Paul Siguqa inspects his flowering grape crop in Franschhoek (Western Cape province), a town located in a South African region dotted with centuries-old vineyards.
The 41-year-old bought Klein Goederust farm (Afrikaans for “a little good rest”) after saving up for 15 years to achieve a dream of his. He renovated it and opened it last year, 3 years after he purchased the farm.
His mother had for 37 years worked at a farm in South Africa’s Cape winelands under the white minority apartheid regime. Sigupa’s fate was not a preordained destiny.
“If you grow up on a farm as children of farm labourers, black farm labourers, you are raised to be the next crop of labour for that farmer”, the owner of the Klein Goederust wine estate said.
“The farmer doesn’t look very far for labour, the children of labourers that in most cases become the next generation of labour.”
Perseverance pays off
The first vineyards were established in the 1600s by White French Huguenots.
Since then, land has passed down through generations and when sales do occur, it has often been to neighbours leaving little opportunity for new comers.Yet they not give up.
More Black South Africans are starting to smash the barriers in the country’s renowned industry.
Carmen Stevens is a 51-year-old and un unlikely winemaker. She grew up in the Cape Flats — an area marred by poverty and gangsters.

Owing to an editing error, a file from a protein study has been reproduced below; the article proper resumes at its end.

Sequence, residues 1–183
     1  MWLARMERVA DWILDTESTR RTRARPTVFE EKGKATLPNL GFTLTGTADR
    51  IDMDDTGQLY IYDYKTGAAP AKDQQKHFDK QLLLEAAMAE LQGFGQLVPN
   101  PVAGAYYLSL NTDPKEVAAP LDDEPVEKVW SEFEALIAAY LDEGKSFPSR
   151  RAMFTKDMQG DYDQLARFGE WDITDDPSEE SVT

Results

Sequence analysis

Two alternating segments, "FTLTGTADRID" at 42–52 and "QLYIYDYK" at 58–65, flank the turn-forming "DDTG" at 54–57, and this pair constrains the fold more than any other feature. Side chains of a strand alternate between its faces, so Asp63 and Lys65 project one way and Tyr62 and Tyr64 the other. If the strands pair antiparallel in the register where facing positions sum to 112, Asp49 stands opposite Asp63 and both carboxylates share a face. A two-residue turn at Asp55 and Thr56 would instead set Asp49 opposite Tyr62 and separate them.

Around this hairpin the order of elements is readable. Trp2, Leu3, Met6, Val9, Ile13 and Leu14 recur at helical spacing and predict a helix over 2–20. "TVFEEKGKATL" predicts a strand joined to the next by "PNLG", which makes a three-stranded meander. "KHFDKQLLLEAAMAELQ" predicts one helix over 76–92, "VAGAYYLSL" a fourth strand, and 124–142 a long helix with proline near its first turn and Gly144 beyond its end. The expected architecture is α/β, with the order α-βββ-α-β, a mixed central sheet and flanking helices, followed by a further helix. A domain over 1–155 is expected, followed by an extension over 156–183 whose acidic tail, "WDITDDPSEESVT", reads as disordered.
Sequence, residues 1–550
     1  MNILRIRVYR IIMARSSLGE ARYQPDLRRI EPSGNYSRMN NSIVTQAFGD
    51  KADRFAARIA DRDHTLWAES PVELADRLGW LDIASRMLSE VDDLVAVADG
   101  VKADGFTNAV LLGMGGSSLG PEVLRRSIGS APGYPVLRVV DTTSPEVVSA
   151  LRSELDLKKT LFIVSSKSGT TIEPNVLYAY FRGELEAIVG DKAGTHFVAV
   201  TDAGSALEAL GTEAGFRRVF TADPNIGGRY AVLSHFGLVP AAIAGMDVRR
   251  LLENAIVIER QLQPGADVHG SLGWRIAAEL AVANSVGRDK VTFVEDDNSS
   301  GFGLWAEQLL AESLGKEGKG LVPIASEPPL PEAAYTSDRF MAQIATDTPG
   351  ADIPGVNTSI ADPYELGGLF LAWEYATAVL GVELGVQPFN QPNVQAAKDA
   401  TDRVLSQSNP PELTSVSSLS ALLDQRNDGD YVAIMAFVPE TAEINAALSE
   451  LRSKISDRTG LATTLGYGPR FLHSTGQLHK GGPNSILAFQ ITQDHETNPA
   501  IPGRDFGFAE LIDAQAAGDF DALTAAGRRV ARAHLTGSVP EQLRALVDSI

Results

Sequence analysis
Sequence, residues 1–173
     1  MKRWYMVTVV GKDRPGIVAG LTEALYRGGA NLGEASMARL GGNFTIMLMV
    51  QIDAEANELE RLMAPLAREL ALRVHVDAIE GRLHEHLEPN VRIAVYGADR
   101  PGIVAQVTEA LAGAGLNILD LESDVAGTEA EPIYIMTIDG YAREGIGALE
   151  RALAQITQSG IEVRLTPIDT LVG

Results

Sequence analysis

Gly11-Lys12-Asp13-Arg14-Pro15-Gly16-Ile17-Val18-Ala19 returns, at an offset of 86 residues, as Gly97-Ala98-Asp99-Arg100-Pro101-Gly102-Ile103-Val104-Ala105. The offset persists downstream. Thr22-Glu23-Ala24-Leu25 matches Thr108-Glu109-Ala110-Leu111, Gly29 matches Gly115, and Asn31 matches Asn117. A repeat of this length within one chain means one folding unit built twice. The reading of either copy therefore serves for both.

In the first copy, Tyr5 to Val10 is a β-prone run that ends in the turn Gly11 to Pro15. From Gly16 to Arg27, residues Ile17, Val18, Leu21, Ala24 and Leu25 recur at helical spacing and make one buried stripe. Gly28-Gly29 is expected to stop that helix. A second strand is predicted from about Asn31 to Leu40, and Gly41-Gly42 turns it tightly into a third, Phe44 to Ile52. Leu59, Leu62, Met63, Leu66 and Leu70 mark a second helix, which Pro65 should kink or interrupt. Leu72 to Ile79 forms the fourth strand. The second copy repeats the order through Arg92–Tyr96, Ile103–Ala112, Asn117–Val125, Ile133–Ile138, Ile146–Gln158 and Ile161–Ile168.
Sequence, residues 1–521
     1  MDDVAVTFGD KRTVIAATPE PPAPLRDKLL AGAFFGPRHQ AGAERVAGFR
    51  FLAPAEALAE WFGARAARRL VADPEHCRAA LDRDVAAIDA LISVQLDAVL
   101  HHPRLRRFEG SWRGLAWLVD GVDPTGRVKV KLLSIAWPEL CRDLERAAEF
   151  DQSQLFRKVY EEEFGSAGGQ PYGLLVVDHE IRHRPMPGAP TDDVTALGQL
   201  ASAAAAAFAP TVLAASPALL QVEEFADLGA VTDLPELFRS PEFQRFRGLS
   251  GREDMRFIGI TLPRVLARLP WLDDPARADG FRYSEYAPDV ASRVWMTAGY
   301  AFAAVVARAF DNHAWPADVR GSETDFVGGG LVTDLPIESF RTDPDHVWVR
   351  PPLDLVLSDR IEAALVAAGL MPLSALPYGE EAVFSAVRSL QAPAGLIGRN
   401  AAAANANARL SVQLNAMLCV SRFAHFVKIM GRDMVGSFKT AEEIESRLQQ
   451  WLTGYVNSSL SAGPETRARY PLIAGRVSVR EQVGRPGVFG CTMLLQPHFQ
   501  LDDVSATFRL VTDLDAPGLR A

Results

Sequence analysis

Her mother, a factory worker, would buy her Mills & Boon fiction novels, many set in vineyards and involving wine.
South Africa was still under the racially segregated apartheid regime when Stevens made her first attempt to study winemaking in 1991. After being repeatedly refused, she was accepted at a college in 1993.
Her perseverance has paid off. In 2011, she launched Carmen Stevens Wines, became South Africa’s first fully black-owned winery.
She was supported by SA Wine Industry Transformation Unit, an organization which organises grants and internships for startupse espically non-White entrepreneurs.
Accelerate the pace of change
Carmen Stevens joined the Wine Arc tasting room which was launched by the organization. The group promotes budding producers in South Africa’s wine producing hub Stellenbosch. However, other barriers remain.
“Investment-wise it’s a big challenge and that is partly why I think there is not a lot of black stakeholders because we don’t come from a background where we have the financial backing”, the 51-year-old explains.
The increasing number of entrepreneurs of colour often faces a lack of resources to be spread thinly among them. Even for organizations like the SA Wine Industry Transformation Unit, dividing resources bewteen candidates is no easy task.
This new generation of Black winemakers isn’t dettered by the odds.
This year Carmen Stevens took home three gold medals at a South African wine and spirits award event for her sauvignon blanc and newly-released rose named after her mother Julie.
But like many black-owned brands, she procures her grapes from farmers in the region, not yet having her own land to cultivate.